Sunday a week ago a dear friend of my wife’s took her life. It was senseless not in the way that most people talk about, but from the perspective that no one saw it coming at all, even her closest friend, her cousin with whom she spoke frequently. There were all sorts of reactions, from confusion to anger. Some anger was of the blackest and darkest kind, consigning this poor lady to Hell for what she had done, a lady who had spent all her life helping and working with others: bringing food to the sick (she brought meals to our house when my wife went through a bout of thyroid cancer), and working with the teenage girls in her parish and at a local college. In short, no one can figure out why this happened. She despaired, and in that one moment she acted as though she had no hope. Continue reading
As some of you know, my life has been consumed with trying to get an Orthodox Institute started at my university (you can find out more here and here). Even though things are moving slower than what I had hoped, all such difficulties are negligible really, as most of the people at Eastern are gung-ho for this enterprise, even people I had thought would be resistive. Of course the greatest support has come from the Orthodox of the area, and from across the jurisdictions. I have een travelling, speaking, meeting, and praying for the past seven months about getting the Institute off the ground. This has kept my spirits afloat in an otherwise difficult time, but difficult only in the sense that I have almost no time for other things (sadly, this blog). But what else have I been doing? Continue reading
It is easy for us in our putative democratic society to disdain hierarchy, and thus part of the reaction by some against the idea of the saints, and our necessary use of them in and with our prayers. Saint is a word our language obtained from French – – but French from Latin (sanctus), for which it means holy, though it also refers as well to the saints. For us it has become the peculiar accolade for those the Church has said are surely now in the presence of God. The rest of the Christian world refers to them simply as the holy ones, or the sanctified, as their language warrants. What has this to do with Transfiguration and hierarchy? Continue reading
My summer has been completely consumed by something which I know will probably consume most of the rest of my life, namely The Institute for Orthodox Thought and Culture (about which you can find information here, and please take the survey here). I am hoping that things will settle down in a few months, and I can return to reading and writing on a regular basis, that at least is my hope. I have done a good bit of administration and committee work in my time, and generally though not always have found it to be a great hindrance to the life of the mind and the purpose of the academy. Yet someone has got to do it, and because I hate it, I generally think it may be better that I do it, for if someone takes up the mantle who loves it, he will just create more work for me than I already have. But despite all of this, I have still been reading and writing and thinking.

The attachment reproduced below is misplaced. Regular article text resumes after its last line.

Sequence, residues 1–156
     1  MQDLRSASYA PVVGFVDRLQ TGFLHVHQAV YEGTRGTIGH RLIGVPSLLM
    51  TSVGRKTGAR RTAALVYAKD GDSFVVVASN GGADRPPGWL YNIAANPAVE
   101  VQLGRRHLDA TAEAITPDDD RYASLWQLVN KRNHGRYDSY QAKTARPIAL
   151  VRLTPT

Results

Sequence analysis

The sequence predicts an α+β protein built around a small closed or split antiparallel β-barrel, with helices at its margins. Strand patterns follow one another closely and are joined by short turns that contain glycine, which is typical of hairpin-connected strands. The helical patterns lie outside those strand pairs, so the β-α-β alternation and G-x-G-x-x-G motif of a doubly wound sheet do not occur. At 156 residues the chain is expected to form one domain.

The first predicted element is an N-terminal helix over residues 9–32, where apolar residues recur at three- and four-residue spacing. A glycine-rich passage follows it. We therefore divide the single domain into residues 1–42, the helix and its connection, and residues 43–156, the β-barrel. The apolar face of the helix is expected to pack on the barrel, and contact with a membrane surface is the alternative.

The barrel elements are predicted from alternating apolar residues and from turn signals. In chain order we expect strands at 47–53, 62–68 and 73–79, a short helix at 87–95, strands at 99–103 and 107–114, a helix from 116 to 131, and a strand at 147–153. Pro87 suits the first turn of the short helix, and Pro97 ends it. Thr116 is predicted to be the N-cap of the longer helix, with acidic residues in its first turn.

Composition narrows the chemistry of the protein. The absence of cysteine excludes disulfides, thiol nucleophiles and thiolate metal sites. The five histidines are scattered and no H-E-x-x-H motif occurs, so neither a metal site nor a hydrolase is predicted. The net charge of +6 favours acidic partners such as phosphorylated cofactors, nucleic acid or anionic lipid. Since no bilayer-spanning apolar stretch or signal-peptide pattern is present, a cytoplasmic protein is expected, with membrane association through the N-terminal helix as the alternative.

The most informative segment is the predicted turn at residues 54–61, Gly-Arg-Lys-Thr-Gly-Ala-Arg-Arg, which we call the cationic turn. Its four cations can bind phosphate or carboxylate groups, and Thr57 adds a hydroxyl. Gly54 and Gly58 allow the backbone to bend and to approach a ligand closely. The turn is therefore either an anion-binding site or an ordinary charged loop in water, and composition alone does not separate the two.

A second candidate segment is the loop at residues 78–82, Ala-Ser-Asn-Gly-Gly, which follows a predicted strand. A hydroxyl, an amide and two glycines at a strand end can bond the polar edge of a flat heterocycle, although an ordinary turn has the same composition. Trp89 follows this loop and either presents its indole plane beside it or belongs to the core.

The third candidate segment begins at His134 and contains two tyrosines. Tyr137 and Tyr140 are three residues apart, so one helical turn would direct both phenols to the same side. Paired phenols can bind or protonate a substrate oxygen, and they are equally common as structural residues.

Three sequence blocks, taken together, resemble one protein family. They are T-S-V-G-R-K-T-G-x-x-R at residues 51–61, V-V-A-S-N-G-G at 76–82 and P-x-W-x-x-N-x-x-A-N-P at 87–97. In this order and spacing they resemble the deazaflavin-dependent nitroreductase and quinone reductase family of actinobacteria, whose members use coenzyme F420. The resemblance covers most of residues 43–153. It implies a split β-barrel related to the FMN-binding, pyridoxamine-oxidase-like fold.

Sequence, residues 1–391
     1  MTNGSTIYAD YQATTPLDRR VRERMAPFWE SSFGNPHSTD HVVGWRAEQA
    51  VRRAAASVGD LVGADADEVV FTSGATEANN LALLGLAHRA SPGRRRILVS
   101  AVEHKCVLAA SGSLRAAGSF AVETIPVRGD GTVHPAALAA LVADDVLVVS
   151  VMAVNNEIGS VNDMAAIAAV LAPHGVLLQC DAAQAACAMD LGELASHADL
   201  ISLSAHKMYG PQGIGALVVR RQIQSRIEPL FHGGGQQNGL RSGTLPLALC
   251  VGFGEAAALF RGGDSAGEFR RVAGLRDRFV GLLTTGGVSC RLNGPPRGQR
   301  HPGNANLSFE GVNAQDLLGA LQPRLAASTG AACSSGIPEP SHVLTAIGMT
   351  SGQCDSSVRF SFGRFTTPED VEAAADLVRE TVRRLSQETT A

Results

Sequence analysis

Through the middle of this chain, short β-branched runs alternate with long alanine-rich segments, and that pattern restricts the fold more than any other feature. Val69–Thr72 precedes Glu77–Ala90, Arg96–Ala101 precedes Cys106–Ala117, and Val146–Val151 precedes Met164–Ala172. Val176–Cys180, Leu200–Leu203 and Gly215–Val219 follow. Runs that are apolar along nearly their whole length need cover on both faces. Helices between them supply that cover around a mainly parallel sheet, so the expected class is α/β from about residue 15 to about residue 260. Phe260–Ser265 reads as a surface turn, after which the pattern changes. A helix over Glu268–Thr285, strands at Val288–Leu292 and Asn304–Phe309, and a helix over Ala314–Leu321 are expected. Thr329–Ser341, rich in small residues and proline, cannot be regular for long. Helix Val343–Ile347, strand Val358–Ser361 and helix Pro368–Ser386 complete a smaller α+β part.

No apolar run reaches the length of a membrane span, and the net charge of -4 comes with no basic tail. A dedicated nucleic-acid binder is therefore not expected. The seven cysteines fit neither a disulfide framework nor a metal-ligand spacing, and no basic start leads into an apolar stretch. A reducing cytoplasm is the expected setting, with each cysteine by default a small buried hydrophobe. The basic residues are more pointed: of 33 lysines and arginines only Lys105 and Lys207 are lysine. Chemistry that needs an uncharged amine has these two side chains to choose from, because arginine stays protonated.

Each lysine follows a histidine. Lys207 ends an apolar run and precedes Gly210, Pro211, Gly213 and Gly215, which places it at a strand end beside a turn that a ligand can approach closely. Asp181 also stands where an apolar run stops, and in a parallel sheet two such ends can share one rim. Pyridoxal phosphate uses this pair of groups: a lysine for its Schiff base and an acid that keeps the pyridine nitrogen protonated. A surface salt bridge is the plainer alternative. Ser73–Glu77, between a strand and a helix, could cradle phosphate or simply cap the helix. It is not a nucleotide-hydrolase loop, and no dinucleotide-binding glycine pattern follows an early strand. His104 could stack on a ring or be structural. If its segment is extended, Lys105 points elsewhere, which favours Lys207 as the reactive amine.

Tonight in the car with Kristen we fell into a conversation about Tolkien and the Blessed Virgin Mary. Continue reading
Some years ago I found myself on a bright, late May day, walking around Trondheim with my friend Bill Tighe. We spent some time in the late-Gothic Cathedral, a magnificent edifice, which has fairly, though not wholly, withstood the depredations of modern nonsense that occurs in the Norwegian state church. In the sacristy chapel, the chapel of the cathedral Chapter, there were two sets of four windows on the back, east wall, set in columns in the wall, each window on top of the other, with each having a different picture etched into the glass: one was of the ark of the covenant, another of the burning bush, another of a gate in a city wall, another of Gideon’s fleece, and so forth. It took me a moment to realize that the windows in all likelihood had not been touched since the Reformation, for the chapel was dedicated to our Lady, the ever-virgin Mother of God. Continue reading
I haven’t posted since I came back from Oxford. Aside from catching up with family and two other publishing projects, there were also physical matters to attend to at home. I was once a contractor (and the son of a contractor), so I do a lot of things myself at my house. For my main project this Fall I have been able to produce around 120 pages of text, tackling the chapters I thought the most difficult first, and leaving the others to get done over the course of this term, and into the summer. I also attended two conferences, one in San Juan, the other in Toronto. I attended both of them in the wonderful company of my dear friend Bill Tighe. Continue reading
When I taught my Orthodoxy class two years ago, I kept a blog (I have blogs for all my classes as a means of keeping track of the extra work my students now must do to justify my school taking money from Il Stato – – “If students are paying for 3 credits, we want to know that they have the equivalent of 42 seat hours plus another 80+ work hours, or you ain’t educatin!!” Somebody came across the blog, which I don’t advertise as I have it just for my class, and registered that they liked it. The entry they clicked was one in which I answered three questions a student posed on the thought of St. Maximus the Confessor. Now, this became all the more pertinent since, as I told someone on FB just today, the last three Sundays have found me standing very near or right next to, Pr. Richard Swinburne, one of the great Christian apologists of the twentieth and twenty-first centuries. He has done a lot of work on free will, and as these replies touch on that, here they are. And so, what I sent to my students, though somewhat amended: Continue reading